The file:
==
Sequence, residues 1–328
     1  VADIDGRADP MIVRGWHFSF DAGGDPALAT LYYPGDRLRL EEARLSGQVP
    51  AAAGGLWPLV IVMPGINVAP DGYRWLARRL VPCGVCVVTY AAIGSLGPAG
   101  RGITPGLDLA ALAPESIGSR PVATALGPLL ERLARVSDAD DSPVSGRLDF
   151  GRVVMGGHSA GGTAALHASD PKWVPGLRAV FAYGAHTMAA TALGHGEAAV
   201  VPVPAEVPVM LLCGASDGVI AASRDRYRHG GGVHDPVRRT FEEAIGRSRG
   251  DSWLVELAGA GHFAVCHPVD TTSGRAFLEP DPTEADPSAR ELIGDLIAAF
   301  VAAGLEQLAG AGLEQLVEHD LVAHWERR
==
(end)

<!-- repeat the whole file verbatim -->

Sequence, residues 1–328
     1  VADIDGRADP MIVRGWHFSF DAGGDPALAT LYYPGDRLRL EEARLSGQVP
    51  AAAGGLWPLV IVMPGINVAP DGYRWLARRL VPCGVCVVTY AAIGSLGPAG
   101  RGITPGLDLA ALAPESIGSR PVATALGPLL ERLARVSDAD DSPVSGRLDF
   151  GRVVMGGHSA GGTAALHASD PKWVPGLRAV FAYGAHTMAA TALGHGEAAV
   201  VPVPAEVPVM LLCGASDGVI AASRDRYRHG GGVHDPVRRT FEEAIGRSRG
   251  DSWLVELAGA GHFAVCHPVD TTSGRAFLEP DPTEADPSAR ELIGDLIAAF
   301  VAAGLEQLAG AGLEQLVEHD LVAHWERR